Well, this can’t be great for Markelle Fultz’s confidence.
The No. 1 overall pick has been much maligned throughout this rookie season on the Philadelphia 76ers, mostly because he was sidelined with a strange shoulder injury while fellow 2017 draftees Jayson Tatum and Donovan Mitchell emerged for the Boston Celtics and Utah Jazz, respectively.
Now, Julius “Dr. J” Erving, the most famous Sixer of all, is here to say Philly should’ve taken Tatum.
“Tatum probably should have been the first pick in the draft. He was there. I guess there was just, it was all about the fit. And we took Fultz, Philly took Fultz, and obviously Fultz’s whole rookie year — I think he’ll be a rookie again next year sorta like Simmons because of the injuries. But Tatum has been awesome, it just seems as though when you get a player who can raise the level of their game at playoff time, you’ve got somebody special.
“Usually after college, it’s a struggle to make it to the next level, and that’s why there’s only a handful of players who really make it to the next level, and now when you make it to the next level and you’re able to elevate your game — aka Donovan Mitchell, Tatum and a few of the rookies. … I like Tatum. I like what he brings to the table.”
It’s unclear how much Erving, who has served as a special advisor to Philadelphia’s ownership group in years past, was swayed by Game 1 of the Celtics-76ers series on Tuesday, when Tatum dropped a career-high 28 points in a 113-112 victory. He’s been good all year, of course, starting for the league’s best defensive outfit and developing into a go-to scoring option once Boston lost Gordon Hayward and Kyrie Irving. There’s a lot to like, especially since Tatum often relies on a swooping Dr. J layup:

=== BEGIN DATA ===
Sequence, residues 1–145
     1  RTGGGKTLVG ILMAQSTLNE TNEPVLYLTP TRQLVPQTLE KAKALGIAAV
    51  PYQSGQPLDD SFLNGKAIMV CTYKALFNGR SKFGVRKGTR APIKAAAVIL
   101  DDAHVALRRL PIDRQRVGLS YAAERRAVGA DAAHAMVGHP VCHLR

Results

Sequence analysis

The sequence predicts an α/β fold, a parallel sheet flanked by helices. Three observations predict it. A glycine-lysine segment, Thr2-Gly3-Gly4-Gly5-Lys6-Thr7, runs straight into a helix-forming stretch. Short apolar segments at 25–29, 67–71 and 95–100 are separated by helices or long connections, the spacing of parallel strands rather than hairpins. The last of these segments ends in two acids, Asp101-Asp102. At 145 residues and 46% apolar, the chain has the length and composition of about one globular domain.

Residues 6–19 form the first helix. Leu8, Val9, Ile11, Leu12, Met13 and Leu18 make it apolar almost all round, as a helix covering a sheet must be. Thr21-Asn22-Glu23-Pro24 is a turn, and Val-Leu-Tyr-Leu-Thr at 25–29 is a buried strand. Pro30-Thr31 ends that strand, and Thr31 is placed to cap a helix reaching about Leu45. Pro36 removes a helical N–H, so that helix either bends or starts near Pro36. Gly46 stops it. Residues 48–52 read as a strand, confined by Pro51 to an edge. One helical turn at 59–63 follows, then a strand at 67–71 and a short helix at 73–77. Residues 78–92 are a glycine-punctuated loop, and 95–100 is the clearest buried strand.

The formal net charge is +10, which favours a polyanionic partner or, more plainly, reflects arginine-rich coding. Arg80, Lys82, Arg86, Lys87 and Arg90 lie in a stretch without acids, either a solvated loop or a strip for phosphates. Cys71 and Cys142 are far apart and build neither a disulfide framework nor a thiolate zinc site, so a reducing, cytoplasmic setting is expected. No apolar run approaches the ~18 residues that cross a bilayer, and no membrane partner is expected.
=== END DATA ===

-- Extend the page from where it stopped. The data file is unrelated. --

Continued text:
But the door isn’t closed on Fultz. There is cause for concern, though. The shoulder soreness that altered his shooting mechanics over the summer was “completely gone” by December, according to the Sixers, but the broken jump shot remained, and the team’s inability to explain the issue in the five months since has led to questions about whether it is health-related or merely a mental block.
Fultz did close the season with a triple-double against the Milwaukee Bucks, much to his teammates’ delight, but he hasn’t seen the floor in Philadelphia’s last three playoff games after playing just nine minutes combined in the previous two. This while Tatum (and Mitchell) are playing 40 minutes a night.
In retrospect, concerns about Tatum’s fit in Philadelphia seem ludicrous, since a lights-out shooter who can defend multiple positions would look awfully good between Simmons and Joel Embiid.
Few people penciled Tatum in above Fultz before the draft, but Celtics president of basketball operations Danny Ainge was one of them, trading the No. 1 pick to Philadelphia for the right to draft Tatum third and pick up an extra lottery pick in the process. Ainge has since said the Celtics would have drafted Tatum with the No. 1 pick had they not made the trade. Through one season and a single game of their Eastern Conference semifinals, it sure looks like the Celtics got the best of the deal.
That Erving conceded this publicly doesn’t seem like the best boost for a guy who has struggled to find his shooting stroke. Maybe Fultz will use it as fuel for the future, because he and Tatum should be at each other’s necks for years to come in this rivalry. That’s one thing Dr. J knows better than anyone.
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